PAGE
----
Bud-Electro Serenader Model Solid Body Electric Bass Guitar, c. 1940s/1960s, made in Seattle, WA, sunburst finish, hardwood body and neck, dyed maple fingerboard, black gig bag case.

We have seen a lot of oddball instruments over the last few decades, but this is one of the oddest. This small (and fairly conventionally shaped) electric bass is actually the tip of a historical iceberg very little appreciated in the 21st century. It also poses as many questions as it answers; although we can say for sure WHERE it was made, the "WHEN" is less certain. The best guess is this instrument is a hybrid, built with a 1940s Bud-Electro Bass neck, bridge and pickup assembly mounted on a body fashioned by Bud Tutmarc sometime after 1958. That, or Bud actually invented the Fender Jazzmaster offset body!

"Serenader-Bud-Electro Mfg. Co." is on the headstock plate, along with its birthplace of Seattle, Washington. This a is largely forgotten direct descendant of the 1930s Audiovox Bass, the world's first electric bass guitar. Starting around 1932 Seattle teacher/inventor Paul Tutmarc made some of the earliest electric steels, but his most prescient invention was doomed to near total obscurity. A February 17, 1935 news article showed Tutmarc demonstrating a solid body cello-like electric bass noting "You pluck a string - and out of the electric amplifier comes a rich, deep tone... sustained as long as you want it"

Tutmarc's Audiovox company began marketing his more guitar-like #736 Electronic Bass in the Spring of 1937 featuring the magnetic pickup he and Arthur J. Stimson concocted as early as 1931. Stimson independently patented and sold the design to Dobro in Los Angeles for their 1933-4 All-Electric model, while Tutmarc soldiered on alone in Seattle. Although small and oddly shaped the Audiovox #736 was the world's first electric bass made to be played guitar-style. Rickenbacker, Vega and even Gibson experimented with upright electric basses in the 1930s, but only the Audiovox bass was designed to be held and played like a guitar.

Around 1947 Tutmarc's son Bud began marketing a similar bass under the Serenader brand name, even arranging distribution through northwest jobber L. D. Heater. It appeared in their 1948 catalog, but apparently garnered little interest. The Serenader Bass retained the small abstractly shaped minimalist body of the 1930s Audiovox, which essentially looked like one of Tutmarc's lap steels with a long neck attached. It was not only awkward looking but not particularly convenient to hold in playing position, something Leo Fender was careful to get right.

All of which brings us to this Bud-electro Bass. It's possible this was fashioned for a local student and/or customer of Bud Tutmarc (practically all these were sold locally) who was a sale prospect for the bass, but objected to the body shape. Or perhaps Bud was just idly experimenting with an unsold bass left languishing around the place. What resulted is the slim, 29 1/2" scale neck, crude pickup assembly and cast metal bridge of a 1940s Bud bass with a later body fashioned by him, likely in the early 1960s. How do we know Bud made it? If you've ever seen his routing style, it is distinctive to say the least!

The VERY thin neck has a short 29 1/2" scale length and only 12 frets, topped by a small headstock with four openback guitar tuners. The rather crude handmade blade-pole pickup has a large internal horseshoe magnet, and is little changed from the original 1930s design including the integral cloth cord and single large white plastic radio knob. The bridge is a piece of cast brass chrome plated, with the strings running through the body behind it.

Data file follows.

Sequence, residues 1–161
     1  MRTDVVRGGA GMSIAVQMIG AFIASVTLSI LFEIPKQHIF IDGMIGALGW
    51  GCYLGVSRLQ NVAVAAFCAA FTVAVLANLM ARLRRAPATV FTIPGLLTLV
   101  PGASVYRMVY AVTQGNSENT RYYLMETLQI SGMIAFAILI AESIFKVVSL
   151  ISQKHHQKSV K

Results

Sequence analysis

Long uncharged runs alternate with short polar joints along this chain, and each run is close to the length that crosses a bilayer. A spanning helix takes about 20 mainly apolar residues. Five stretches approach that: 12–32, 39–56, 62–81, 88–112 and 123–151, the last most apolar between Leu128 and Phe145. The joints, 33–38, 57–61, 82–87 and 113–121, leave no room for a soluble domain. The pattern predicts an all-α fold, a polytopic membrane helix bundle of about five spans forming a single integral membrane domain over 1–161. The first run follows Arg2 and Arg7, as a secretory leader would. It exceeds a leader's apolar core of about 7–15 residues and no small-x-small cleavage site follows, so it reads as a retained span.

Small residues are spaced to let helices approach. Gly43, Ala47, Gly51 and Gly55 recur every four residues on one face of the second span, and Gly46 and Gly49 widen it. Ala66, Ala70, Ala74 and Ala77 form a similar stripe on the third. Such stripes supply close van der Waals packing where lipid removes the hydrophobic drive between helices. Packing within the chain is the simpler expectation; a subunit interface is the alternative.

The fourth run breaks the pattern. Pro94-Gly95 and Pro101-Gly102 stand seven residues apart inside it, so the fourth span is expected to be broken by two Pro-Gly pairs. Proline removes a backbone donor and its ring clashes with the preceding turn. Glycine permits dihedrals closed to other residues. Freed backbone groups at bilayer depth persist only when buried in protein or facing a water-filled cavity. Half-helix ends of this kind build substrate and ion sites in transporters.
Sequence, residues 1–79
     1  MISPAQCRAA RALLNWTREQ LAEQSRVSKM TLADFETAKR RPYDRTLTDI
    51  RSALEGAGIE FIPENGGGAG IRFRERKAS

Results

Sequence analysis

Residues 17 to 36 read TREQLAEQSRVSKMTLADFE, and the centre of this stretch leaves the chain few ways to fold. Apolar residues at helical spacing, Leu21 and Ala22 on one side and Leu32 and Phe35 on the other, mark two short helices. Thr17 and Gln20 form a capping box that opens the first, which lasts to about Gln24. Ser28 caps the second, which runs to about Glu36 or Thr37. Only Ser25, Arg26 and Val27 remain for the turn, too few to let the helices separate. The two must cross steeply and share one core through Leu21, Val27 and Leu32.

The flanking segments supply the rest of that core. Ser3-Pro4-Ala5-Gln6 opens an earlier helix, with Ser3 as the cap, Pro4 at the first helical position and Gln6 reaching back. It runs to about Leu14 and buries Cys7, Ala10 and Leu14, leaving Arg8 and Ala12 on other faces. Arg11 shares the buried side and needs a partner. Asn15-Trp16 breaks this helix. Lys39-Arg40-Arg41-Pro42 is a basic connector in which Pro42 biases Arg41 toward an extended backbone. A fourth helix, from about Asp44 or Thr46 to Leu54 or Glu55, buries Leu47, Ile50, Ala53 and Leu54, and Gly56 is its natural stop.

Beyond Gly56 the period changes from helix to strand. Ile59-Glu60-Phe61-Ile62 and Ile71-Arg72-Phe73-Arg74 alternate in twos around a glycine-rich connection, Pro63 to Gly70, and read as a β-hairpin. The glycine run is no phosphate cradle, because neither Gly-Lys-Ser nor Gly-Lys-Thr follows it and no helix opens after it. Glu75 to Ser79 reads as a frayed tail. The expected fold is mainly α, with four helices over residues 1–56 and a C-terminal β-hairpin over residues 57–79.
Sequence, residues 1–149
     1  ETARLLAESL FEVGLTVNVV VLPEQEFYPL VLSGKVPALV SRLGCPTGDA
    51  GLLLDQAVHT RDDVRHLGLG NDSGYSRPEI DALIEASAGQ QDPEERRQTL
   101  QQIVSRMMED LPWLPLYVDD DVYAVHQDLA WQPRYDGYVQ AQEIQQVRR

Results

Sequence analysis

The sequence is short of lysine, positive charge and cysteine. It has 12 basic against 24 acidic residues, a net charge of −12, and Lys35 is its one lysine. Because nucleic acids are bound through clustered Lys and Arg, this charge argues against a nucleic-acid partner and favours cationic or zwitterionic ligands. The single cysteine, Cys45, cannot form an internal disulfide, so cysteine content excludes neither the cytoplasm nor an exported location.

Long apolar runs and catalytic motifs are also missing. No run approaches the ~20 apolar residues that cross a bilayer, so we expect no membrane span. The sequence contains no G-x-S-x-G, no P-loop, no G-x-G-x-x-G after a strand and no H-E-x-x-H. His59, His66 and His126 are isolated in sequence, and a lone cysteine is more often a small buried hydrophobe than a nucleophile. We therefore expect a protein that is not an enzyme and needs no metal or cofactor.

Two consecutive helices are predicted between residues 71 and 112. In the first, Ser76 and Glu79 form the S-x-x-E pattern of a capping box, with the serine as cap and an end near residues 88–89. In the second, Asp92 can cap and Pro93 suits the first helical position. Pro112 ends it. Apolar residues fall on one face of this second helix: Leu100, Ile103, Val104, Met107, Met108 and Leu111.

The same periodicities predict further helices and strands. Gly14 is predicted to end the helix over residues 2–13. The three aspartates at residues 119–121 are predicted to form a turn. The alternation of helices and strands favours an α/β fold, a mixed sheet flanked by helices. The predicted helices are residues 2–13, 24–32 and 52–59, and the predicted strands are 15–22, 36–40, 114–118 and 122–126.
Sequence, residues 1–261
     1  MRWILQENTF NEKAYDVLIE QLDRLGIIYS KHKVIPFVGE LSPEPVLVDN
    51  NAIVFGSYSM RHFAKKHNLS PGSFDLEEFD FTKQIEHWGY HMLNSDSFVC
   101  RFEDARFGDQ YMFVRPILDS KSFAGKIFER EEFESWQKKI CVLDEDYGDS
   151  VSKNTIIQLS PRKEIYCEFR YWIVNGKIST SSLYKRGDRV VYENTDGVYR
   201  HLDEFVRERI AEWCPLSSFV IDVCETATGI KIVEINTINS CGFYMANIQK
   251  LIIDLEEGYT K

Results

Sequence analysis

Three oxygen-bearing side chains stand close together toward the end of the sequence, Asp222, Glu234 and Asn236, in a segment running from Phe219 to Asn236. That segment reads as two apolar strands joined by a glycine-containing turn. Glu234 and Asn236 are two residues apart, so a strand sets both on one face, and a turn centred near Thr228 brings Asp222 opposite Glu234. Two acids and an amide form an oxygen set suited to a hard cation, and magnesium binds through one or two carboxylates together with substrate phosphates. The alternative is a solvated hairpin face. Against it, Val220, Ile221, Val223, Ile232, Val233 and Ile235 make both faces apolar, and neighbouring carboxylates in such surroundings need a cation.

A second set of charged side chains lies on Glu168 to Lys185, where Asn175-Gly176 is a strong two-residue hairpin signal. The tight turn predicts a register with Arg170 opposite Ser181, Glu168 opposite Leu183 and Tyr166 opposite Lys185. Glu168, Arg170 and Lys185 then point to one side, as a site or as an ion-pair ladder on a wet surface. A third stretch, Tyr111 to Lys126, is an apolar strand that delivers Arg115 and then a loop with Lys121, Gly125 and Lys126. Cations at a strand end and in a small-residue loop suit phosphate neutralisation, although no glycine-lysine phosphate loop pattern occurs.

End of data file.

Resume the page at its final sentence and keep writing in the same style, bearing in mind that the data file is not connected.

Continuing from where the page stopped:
The body itself is made of laminated hardwood, professionally cut out and finished in a subtle dark sunburst. It appears to have been traced closely from a Fender Jazzmaster of Jaguar (unless you choose to believe Leo stole the shape from Bud Turmarc!). The neck and body are visibly from different periods, and rather crudely joined together; the finish on the neck is a heavier and more professional looking lacquer. There is no lower strap button; the bass was likely intended to be played sitting down.

Whatever the genesis of this bass, it remains a fascinating historical artifact, one of the few Tutmarc basses known to exist and a unique one at that. It is fully playable, with a good sound although not really comparable to a Fender bass. A mystery wrapped in an enigma, this quizzical bass is a fretted oddity par excellence!

Overall length is 39 in. (99.1 cm.), 14 in. (35.6 cm.) wide at lower bout, and 1 1/2 in. (3.8 cm.) in depth, measured at side of rim. Scale length is 29 1/2 in. (749 mm.). Width of nut is 1 1/4 in. (32 mm.).

This is a playable instrument, but primarily of historical interest. The body and neck are solidly but somewhat crudely attached, with a small sealed crack at the body end and visible gap at the bass side join. There is general wear overall more to the body than the neck, and the dyed maple fingerboard has lost most of its toner. There is a decent amount of corrosion to the metal pickguard, and some of the screws are mismatched. The bass plays well as a low-tension instrument (similar to a Danelectro) and has a surprisingly powerfiul sound from its very primitive looking pickup, which appears all original. We'd rate this primarily as a historical oddity, but a dang interesting one! Overall Very Good + Condition.

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Listed8 months ago
ConditionVery Good (Used)
Very Good items may show a few slight marks or scratches but are fully functional and in overall great shape.Learn more
  • Bud-Electro
  • Serenader
  • sunburst
  • 1940
Number of Strings
  • 4-String

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Retrofret Vintage Guitars

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Joined Reverb:2015

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